Recent Work

Growing Local Prosperity: A Public Forum - Woodstock, NB 2015

Heming believes that small towns and rural communities in New Brunswick and Nova Scotia are perfectly positioned to cultivate a new economy, one that thrives by creating local businesses that meet local needs.

And he should know; he has been helping rural communities grow their local prosperity potential for 40 years. In business, research, writing, teaching, and consulting, Heming has been working at the intersection of economics and ecology with leaders in the field.

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Local Prosperity Talks 2015

Gregory Heming, Municipal Councillor, District 5, Annapolis County, NS. delivered a talk and hosted a discussion on alternative options for rural economies. Mr. Heming spoke about the reality of creating a new economic narrative, one that is happening in many communities throughout the Maritimes and across Canada.

"...business-as-usual is not quite good enough. [Local economies] have begun to embrace not only ecological economics but are also exploring the long-term effect of what some economists are calling 'restorative economies'; essentially restoring land and people to a new beginning and a more equal and prosperous longer-term. future."

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Gregory Heming – Talk in the Village of Gagetown 2015

Gregory is back by popular demand after his presentation for the National Farmers’ Union (NB) in the village last year.

Maritime Canada’s business communities, local families, and local municipal governments are under tremendous stress at the opening of the 21st century. At the core of this is the systemic problem inherent in our current economic model. The myth of unlimited growth, the false hope of globalization, and our reliance on nonrenewable resources threaten local farms, local food production, local governance, and the health and future of rural families.

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Spectator News article on Gregory as chairman Annapolis County Economic Development Committee and Municipal Councillor 2014

The Municipality of the County of Annapolis is embarking on a different kind of development plan it hopes will address some of the economic challenges facing the rural area. County council has approved an initiative that sets out a list of economic and development goals. Now it wants input from local residents. The county chose not to join a regional enterprise network made up of other municipalities in the Annapolis Valley.

“We decided that we would draft our own economic development strategy,” Gregory Heming, chairman of the county’s economic development committee, said Monday.

The committee has been working to ensure the economic strategy reflects a diversity of views on job creation and long-term prosperity.

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CCPA-NS Roundtable Discussion & Annual Meeting 2014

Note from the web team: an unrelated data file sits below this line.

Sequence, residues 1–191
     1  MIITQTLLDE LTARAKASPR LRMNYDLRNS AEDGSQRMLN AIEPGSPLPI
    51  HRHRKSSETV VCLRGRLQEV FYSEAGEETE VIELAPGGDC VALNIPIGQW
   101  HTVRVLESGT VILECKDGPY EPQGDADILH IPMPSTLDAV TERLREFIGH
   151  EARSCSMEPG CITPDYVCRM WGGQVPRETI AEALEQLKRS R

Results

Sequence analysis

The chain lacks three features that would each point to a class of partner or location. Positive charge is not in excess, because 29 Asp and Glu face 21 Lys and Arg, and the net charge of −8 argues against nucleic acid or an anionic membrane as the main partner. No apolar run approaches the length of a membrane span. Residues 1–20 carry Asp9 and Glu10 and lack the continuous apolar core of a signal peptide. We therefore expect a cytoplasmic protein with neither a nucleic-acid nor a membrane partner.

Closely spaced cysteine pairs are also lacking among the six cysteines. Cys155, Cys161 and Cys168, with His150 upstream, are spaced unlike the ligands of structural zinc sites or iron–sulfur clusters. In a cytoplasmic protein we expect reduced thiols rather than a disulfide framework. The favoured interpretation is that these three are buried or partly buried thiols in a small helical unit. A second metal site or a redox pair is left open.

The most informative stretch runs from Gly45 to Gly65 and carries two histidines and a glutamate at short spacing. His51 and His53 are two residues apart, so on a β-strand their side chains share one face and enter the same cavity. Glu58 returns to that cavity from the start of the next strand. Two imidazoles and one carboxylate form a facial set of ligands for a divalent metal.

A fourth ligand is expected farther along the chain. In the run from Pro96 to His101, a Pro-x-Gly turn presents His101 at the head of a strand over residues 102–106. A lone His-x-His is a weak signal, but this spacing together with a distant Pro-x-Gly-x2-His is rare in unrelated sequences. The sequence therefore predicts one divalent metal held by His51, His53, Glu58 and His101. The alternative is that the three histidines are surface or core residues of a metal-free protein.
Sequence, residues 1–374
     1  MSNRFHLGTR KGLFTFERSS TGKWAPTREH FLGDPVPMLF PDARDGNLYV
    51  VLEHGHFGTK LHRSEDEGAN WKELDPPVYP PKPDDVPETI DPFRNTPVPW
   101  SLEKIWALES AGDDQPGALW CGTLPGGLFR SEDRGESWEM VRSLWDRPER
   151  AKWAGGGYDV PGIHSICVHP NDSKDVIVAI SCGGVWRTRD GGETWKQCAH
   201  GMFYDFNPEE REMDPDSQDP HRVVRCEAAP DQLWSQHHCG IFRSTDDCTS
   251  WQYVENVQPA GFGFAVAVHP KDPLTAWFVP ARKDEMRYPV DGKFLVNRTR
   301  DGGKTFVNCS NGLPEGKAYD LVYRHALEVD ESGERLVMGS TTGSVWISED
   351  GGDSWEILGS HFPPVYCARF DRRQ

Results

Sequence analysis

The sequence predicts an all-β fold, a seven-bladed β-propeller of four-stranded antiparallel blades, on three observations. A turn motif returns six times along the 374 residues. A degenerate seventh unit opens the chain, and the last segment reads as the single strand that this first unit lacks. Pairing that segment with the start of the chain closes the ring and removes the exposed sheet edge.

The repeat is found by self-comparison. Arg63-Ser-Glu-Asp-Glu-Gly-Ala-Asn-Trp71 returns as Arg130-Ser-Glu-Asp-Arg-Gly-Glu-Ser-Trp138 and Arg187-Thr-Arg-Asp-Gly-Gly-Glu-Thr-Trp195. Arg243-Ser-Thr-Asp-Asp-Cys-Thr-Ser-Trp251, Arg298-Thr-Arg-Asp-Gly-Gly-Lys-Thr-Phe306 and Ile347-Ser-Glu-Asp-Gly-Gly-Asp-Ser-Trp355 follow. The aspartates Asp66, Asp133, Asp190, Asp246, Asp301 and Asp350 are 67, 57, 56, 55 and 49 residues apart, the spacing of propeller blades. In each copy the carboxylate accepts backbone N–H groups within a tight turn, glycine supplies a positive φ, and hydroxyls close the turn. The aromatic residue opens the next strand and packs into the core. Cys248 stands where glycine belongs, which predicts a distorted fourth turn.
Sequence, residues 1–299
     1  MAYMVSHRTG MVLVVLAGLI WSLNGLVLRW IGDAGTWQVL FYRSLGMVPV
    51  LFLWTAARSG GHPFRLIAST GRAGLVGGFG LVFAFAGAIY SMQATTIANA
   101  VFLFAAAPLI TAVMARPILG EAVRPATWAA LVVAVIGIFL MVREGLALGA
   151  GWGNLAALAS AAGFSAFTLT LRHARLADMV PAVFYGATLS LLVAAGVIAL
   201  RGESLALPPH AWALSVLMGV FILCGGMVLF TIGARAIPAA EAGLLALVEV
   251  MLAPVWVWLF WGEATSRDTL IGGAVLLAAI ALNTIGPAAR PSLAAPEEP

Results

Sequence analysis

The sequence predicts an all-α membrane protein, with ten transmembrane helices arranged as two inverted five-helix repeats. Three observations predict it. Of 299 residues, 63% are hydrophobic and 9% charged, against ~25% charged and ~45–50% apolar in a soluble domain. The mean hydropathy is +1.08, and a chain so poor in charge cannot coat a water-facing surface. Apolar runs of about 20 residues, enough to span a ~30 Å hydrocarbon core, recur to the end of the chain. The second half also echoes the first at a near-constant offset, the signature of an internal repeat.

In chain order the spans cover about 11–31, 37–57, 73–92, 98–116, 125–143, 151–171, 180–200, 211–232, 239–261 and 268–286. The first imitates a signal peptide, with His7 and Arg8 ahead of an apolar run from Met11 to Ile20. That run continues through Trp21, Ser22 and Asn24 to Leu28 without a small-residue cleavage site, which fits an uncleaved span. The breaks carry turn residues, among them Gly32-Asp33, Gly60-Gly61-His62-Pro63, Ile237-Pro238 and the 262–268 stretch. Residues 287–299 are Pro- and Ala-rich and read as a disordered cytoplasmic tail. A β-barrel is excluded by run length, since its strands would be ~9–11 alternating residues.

Since the early 1960’s there have been numerous major reports, commissions, and strategies both private and public aimed at steering the Nova Scotia economy. The Report of the Nova Scotia Commission on Building Our New Economy released in February 2014, often referred to as the Ivany Report, is another in this long list. It charts a path for Nova Scotians and strongly suggests that choosing another is not an option. There are, however, many economists, labour and business leaders, academics, elected officials, and others who have expressed reservations about the report; all believe that exploring a wide range of alternatives is in fact crucial if Nova Scotians are to realize a more prosperous, just and healthy future.

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Georgetown Conference 2014

Annapolis Royal, Nova Scotia - August 26, 2014. It is widely known that small rural communities in Atlantic Canada are struggling to get by. A group of individuals in Nova Scotia have banded together to organize a regional conference to address the issues with fresh ideas. The conference entitled “Local Prosperity: New Economics for Rural Canada” (localprosperity.ca), ran successfully from April 9-12, 2015, in Annapolis County.

Gregory Heming, an Annapolis County municipal councilor and President of the Centre for Local Prosperity, says, “Finding solutions to the increasing economic, social and ecological disintegration of small rural communities may seem difficult, but practical and achievable solutions are possible. There are many examples from which we can draw inspiration.”

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Yukon News 2004-2007

While living and working in the Yukon on projects, Gregory worked as an award winning journalist and wrote over 300 columns for the Yukon News. Much of his work can be accessed in the archives of the Yukon News website by searching his name.

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Speech to House of Commons Standing Committee on Environment and Economy in Ottawa

Let us Not Give our Hearts Away: 
Internal Disaffection, External Exploitation and the Canadian Environmental Protection Act
Delivered before House of Commons Standing Committee on Environment and Sustainable Development
Parliament Hill - Ottawa December 4, 2006 Gregory Heming, PhD.

I would first of all like to thank you Mr. Chairman and the Clerk for inviting me this afternoon to address the House of Commons Standing Committee on Environment and Sustainable Development. By way of introduction I would like to say that by profession I am a human ecologist. I study the many ways humans interact with systems - natural,
environmental, political, economic, social and cultural.

Read more: Speech to House of Commons Standing Committee on Environment and Economy in Ottawa